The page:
This is, purportedly, a very interesting Urdu-language article in a Pakistani paper, The News. I don’t read Urdu, so as far as I know, this is just a recipe for chicken biryani.
According to some translations floating around, the article cites a “Western diplomat” claiming that former Pakistani President Pervez told US officials that Pakistan had developed “among the world’s smartest nuclear tactical devices.”
Now, since nuclear weapons don’t take IQ tests, I think “smart” in this context means “neatness or trimness of appearance.” In other words, miniaturized.
I don’t know if any of this is true, but the Pakistanis seem to be making a lot of noise lately about their tactical nuclear stockpile. “Look at us! We have tactical nuclear weapons!”
Mark Hibbs, in a forthcoming article for the Bulletin of Atomic Scientists, mentions that, during his most recent trip to Islamabad, he was directly told that Pakistan was developing very small, low-yield nuclear weapons.
A few weeks after his visit, Pakistan tested a short-range artillery rocket, Nasr. In case you had any doubt, the Pakistan’s official press release stated that the Nasr “carries nuclear warheads of appropriate yield.”
The Nasr is an artillery rocket — I have never before encountered this term Battlefield Range Ballistic Missile or BRBM. Usman Ansari in Defense News quoted a Pakistani academic, Mansoor Ahmed, arguing that “the diameter size of Nasr suggests that the warhead would be less than 1 kilogram, and would be of sub-kiloton range, suitable for battlefield use and could be a fission boosted sub-kiloton fission device.”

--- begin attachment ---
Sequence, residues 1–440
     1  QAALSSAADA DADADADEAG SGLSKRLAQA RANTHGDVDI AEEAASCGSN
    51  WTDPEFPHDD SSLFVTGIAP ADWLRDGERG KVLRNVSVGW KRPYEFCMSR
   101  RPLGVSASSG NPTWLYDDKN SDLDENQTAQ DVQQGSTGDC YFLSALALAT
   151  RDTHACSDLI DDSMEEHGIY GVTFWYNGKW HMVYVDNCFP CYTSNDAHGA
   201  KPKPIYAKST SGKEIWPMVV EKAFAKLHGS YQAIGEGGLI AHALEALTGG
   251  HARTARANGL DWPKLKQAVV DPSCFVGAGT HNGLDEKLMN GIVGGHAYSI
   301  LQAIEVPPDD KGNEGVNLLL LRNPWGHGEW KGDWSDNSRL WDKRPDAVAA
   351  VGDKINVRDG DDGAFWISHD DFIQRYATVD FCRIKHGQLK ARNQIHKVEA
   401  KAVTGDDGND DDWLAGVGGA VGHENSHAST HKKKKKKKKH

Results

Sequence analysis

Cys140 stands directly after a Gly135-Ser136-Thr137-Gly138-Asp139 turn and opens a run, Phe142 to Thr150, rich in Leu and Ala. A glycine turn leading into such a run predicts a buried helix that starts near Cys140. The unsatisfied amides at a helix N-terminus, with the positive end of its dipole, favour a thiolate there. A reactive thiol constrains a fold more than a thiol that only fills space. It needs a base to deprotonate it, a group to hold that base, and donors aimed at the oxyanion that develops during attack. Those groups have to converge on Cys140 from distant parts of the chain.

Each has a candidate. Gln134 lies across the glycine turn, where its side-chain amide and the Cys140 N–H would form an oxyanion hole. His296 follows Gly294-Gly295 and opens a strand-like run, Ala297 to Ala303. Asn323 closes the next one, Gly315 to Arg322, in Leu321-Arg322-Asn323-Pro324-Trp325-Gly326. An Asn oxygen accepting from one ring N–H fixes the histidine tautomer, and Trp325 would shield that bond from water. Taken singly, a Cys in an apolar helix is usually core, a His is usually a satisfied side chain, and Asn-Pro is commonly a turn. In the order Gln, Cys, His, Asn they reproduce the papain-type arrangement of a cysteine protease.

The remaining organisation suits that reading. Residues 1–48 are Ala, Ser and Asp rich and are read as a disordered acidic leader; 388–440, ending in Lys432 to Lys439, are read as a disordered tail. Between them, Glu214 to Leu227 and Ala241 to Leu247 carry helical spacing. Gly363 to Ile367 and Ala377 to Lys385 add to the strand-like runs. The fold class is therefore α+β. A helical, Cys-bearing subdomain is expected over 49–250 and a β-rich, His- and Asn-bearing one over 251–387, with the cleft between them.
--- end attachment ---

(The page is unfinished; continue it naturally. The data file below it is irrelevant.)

I can’t find reliable data on the Nasr, so I used the Mark I Eyeball to observe that the Nasr (top) looks a lot like an M30/31 MLRS rocket (bottom). Both rockets have a similar range.
The M30 carries a 90 kg unitary penetrator and is about 20 centimeters in diameter. That’s actually too small for even the smallest US nuclear weapon ever designed, the W54. (Aw, look at the little feller.)
Now, of course, maybe the Nasr is 30 centimeters in diameter (I certainly am not/not claiming to be able to eyeball rocket dimensions to within a few centimeters) or Pakistan just made a really little warhead.
I really wonder whether Pakistan could develop such a small warhead with any confidence. The general view has been that Pakistan would probably need testing to develop a miniaturized plutonium implosion device, to say nothing of the sort of boosted little devil we are talking about. I am no warhead designer, but here is how the National Academies described the situation in 2002:
Pakistan similarly could manufacture and stockpile its enriched uranium fission weapons without further testing, and it could make progress toward a plutonium implosion weapon (perhaps even producing and stockpiling one of simple—and inefficient—design, in which it could have some confidence).
Now, as I have noted before “simple—and inefficient—design” is a term of art that usually means too big for a missile, let alone a little rocket like NASR. I am skeptical, I must admit, but still intrigued. This is a smart little puzzle, isn’t it?